PostgreSQL Full-text search using “text search vectors”

PostgreSQL Full-text search using “text search vectors”

Postgres Vector Search

Full-text search in PostgreSQL is implemented using a concept called “text search vectors” (or just “tsvector”). Let’s dive into how it works:

  1. Text Search Vectors (tsvector):
    • A tsvector is a sorted list of distinct lexemes, which are words that have been normalized to merge different forms of the same word (e.g., “run” and “running”).
    • PostgreSQL provides functions to convert plain text into tsvector format, which typically involves:
      • Parsing the text into tokens.
      • Converting tokens to lexemes.
      • Removing stop words (common words like “and” or “the” that are typically ignored in searches).
    • Example: The text “The quick brown fox” might be represented in tsvector as ‘brown’:3 ‘fox’:4 ‘quick’:2.
  2. Text Search Queries (tsquery):
    • A tsquery represents a text search query, which includes lexemes and optional operators.
    • Operators can be used to combine lexemes in different ways (e.g., AND, OR, NOT).
    • Example: The query “quick & fox” would match any tsvector containing both “quick” and “fox”.
  3. Searching:
    • PostgreSQL provides the @@ operator to search a tsvector column with a tsquery.
    • Example: WHERE column @@ to_tsquery(‘english’, ‘quick & fox’).
  4. Ranking:
    • Once you’ve found matches using the @@ operator, you often want to rank them by relevance.
    • PostgreSQL provides the ts_rank function to rank results. It returns a number indicating how relevant a tsvector is to a tsquery.
    • The ranking is based on various factors, including the frequency of lexemes and their proximity to each other in the text.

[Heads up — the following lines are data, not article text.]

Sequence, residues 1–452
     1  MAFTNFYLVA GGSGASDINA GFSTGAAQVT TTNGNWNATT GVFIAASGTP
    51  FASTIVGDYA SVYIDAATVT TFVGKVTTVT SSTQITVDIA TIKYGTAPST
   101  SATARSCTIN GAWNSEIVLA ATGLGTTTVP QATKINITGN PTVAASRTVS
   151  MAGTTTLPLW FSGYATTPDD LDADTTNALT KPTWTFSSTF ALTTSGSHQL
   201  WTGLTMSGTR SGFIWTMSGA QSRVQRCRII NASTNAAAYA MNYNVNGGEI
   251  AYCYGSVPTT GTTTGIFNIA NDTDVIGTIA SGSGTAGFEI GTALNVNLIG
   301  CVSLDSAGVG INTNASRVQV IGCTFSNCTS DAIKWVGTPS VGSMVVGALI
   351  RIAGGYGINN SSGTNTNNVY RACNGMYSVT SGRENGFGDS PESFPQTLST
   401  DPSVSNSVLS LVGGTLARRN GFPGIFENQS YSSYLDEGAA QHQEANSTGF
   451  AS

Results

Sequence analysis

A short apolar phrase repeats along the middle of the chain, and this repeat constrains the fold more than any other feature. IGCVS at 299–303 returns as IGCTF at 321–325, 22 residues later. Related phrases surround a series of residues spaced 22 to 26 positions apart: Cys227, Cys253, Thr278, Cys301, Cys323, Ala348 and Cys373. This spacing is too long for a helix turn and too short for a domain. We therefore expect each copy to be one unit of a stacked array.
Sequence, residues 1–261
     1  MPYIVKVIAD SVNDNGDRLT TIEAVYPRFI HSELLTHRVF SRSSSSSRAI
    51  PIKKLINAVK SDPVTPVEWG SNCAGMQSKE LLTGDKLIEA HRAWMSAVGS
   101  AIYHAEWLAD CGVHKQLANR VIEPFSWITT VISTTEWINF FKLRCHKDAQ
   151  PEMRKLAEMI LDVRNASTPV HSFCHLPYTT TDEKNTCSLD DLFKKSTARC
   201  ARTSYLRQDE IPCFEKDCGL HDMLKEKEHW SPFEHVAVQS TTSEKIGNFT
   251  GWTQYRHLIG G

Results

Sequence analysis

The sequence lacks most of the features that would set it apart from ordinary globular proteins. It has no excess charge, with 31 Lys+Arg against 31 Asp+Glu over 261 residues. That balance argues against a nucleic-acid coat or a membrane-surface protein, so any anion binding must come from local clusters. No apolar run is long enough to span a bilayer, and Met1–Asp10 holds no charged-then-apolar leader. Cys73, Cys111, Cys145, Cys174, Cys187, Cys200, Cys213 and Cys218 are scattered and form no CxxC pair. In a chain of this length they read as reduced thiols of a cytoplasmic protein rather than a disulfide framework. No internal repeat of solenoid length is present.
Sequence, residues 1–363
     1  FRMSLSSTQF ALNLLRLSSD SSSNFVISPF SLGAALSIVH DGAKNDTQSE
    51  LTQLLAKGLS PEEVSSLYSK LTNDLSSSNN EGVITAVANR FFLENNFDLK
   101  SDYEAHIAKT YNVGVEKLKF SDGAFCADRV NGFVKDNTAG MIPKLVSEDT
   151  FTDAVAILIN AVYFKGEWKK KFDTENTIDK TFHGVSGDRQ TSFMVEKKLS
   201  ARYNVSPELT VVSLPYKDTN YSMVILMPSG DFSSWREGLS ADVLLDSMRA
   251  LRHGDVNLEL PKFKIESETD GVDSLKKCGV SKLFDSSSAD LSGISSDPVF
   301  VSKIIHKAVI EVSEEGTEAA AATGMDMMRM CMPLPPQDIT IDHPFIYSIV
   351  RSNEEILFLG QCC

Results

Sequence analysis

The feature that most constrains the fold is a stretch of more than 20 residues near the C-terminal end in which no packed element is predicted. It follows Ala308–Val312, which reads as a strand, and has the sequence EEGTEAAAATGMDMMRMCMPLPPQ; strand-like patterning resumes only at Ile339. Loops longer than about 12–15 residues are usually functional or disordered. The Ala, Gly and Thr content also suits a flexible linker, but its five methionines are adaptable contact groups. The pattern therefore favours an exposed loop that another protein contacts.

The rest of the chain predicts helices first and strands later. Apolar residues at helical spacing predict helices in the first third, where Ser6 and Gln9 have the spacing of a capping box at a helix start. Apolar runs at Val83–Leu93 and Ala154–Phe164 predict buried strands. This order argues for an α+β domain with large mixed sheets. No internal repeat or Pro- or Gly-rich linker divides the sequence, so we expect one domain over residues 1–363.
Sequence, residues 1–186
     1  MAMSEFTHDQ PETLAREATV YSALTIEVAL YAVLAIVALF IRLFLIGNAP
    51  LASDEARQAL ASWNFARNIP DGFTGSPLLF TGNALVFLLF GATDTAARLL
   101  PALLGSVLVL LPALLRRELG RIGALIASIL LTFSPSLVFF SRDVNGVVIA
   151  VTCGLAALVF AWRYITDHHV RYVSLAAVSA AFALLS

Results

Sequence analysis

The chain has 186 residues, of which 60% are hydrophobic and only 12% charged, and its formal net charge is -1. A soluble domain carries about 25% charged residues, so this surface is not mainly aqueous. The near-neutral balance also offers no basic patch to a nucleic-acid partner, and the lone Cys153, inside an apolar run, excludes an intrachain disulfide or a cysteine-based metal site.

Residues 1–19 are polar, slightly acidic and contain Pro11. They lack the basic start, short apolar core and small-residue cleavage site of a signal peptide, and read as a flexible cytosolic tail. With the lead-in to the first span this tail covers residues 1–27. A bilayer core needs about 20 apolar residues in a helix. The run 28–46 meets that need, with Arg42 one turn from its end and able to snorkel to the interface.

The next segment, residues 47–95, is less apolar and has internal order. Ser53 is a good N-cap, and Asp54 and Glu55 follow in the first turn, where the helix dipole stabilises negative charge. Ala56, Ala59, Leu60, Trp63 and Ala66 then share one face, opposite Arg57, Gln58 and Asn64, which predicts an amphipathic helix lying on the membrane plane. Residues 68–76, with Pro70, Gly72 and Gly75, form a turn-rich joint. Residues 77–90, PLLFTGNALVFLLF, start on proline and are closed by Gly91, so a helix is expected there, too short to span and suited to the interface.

5. Indexes:
    • One of the significant advantages of tsvector is that you can create a GiST or GIN index on it.
    • These indexes significantly speed up full-text search queries.
    • GIN indexes, in particular, are optimized for tsvector and provide very fast lookups.
  6. Normalization and Configuration:
    • PostgreSQL supports multiple configurations (e.g., “english”, “french”) that determine how text is tokenized and which stop words are used.
    • This allows you to tailor your full-text search to specific languages or requirements.
  7. Highlighting and Snippets:
    • In addition to just searching, PostgreSQL provides functions like ts_headline to return snippets of the original text with search terms highlighted.

In summary, PostgreSQL’s full-text search works by converting regular text into a normalized format (tsvector) that is optimized for searching. This combined with powerful query capabilities (tsquery) and indexing options makes it a robust solution for many full-text search needs.

Implementing vector search using E.F Core and Postgres SQL

here are the steps to implement vector search in your dot net project:

Step 1: Add the required nuget packages

<PackageReference Include="Npgsql.EntityFrameworkCore.PostgreSQL" Version="7.0.11" />
<PackageReference Include="Npgsql.EntityFrameworkCore.PostgreSQL.Design" Version="1.1.0" />
<PackageReference Include="Npgsql.EntityFrameworkCore.PostgreSQL.NetTopologySuite" Version="7.0.11" />